A product used in oil spill clean-ups around the world could provide a non-toxic alternative to the controversial chemical dispersant Corexit, New Zealand scientist Shane Carter says.
Mr Carter, who works for Morrinsville-based company Interface Chemistry, began investigating Elastol before the 2011 Rena disaster.
He said the product, which caused oil to stick to itself on the surface of water, was non-toxic, cheaper than oil dispersants and easy to use.
In an ocean environment Elastol could be sprayed on to an oil spill, and mixed through any wave action before being skimmed or vacuumed off the surface.
"It basically turns oil into a really runny chewing gum ... You can get almost 99 per cent of the oil," Mr Carter said.
Maritime NZ general manager safety and response services Nigel Clifford said the organisation was not aware of Elastol and did not have the resources to identify or investigate all such products.
Elastol appeared to be a "herder" of oil and such products were not generally considered for use in the open ocean because they required the oil to first be contained in a booming system, he said.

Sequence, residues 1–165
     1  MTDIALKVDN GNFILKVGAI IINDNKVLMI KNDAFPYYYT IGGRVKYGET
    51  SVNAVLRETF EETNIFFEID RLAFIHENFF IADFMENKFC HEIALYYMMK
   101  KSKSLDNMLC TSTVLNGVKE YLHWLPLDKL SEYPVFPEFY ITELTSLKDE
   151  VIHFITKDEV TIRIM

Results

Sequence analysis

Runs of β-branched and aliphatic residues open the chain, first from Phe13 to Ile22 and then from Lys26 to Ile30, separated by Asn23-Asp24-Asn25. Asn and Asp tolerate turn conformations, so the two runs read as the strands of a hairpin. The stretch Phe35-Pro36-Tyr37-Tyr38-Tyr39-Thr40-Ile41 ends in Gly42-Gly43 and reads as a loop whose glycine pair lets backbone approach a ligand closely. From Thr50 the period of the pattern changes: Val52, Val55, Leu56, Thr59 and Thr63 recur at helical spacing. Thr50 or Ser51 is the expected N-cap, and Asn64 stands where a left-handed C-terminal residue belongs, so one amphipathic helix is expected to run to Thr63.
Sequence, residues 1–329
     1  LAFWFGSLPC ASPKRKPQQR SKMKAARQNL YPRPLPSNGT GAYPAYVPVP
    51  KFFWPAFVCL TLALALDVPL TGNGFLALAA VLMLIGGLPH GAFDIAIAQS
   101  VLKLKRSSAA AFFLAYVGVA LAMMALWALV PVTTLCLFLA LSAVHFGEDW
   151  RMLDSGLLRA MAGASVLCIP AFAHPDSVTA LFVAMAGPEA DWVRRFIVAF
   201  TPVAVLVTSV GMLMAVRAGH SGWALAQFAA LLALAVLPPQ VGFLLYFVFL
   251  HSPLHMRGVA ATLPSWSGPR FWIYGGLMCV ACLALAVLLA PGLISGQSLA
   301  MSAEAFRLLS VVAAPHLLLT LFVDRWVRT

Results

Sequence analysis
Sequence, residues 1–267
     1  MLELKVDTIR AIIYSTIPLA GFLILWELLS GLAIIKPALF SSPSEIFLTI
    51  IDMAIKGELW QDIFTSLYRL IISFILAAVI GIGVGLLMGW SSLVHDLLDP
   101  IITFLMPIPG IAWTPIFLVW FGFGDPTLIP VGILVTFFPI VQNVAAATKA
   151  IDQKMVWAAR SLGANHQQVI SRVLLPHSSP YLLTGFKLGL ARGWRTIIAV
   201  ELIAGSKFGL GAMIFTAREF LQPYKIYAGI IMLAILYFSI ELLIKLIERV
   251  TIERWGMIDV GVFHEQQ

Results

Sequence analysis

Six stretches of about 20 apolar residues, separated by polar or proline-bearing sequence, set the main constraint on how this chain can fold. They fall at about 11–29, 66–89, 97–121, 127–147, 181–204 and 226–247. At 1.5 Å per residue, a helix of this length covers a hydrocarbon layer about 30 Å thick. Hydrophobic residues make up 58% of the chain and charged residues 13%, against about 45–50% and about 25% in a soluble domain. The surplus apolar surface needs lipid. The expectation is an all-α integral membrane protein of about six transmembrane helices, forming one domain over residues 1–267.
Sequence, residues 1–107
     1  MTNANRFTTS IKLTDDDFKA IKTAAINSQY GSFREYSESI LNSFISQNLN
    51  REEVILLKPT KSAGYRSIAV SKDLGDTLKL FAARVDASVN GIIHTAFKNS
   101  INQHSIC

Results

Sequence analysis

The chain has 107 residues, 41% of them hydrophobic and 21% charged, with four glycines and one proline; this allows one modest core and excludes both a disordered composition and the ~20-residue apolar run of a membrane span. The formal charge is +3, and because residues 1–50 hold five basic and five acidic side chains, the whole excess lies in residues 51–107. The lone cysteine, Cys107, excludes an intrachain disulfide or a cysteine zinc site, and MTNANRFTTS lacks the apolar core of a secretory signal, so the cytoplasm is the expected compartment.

"If a booming system works in those conditions, the approach would be to recover oil using what are known as skimmers, without the addition of any other product," he said.
Mr Carter said Elastol could also be used to help clean up oil on sand and for cleaning oil from birdlife.
The challenge would be getting a maritime or port authority to accept Elastol as part of an oil spill plan, he said.
Manufactured in the United States, Elastol had been approved by the United States Environmental Protection Agency for oil control since 1993, Mr Carter said.
It was used in Russia on an oil tanker spill off the Crimean Peninsula in 2007.
It was first used in Australia in the 1990s by hovercraft company, Hover Mirage and was used by private companies in the United Kingdom and Europe, he said.
Two New Zealand companies were looking at using Elastol, which could also be used on diesel and petrol spills, as part of a "really effective spill kit", he said.
Mr Clifford said Maritime NZ was constantly reviewing options for oil spill response, but it had received no scientific information, or advice from overseas agencies, indicating a specific review of the status of Corexit products was warranted.
Three-thousand litres of Corexit, the oil dispersant used during the Rena clean-up, was being stored in drums at the Port of Tauranga.
The chemical no longer meets toxicity and effectiveness standards in Australia.
A Ban Corexit in New Zealand rally will take place at Mount Maunganui's main beach at 10.30am tomorrow.
Protesters plan to form a human chain representing a "line in the sand" on the use of Corexit in New Zealand waters.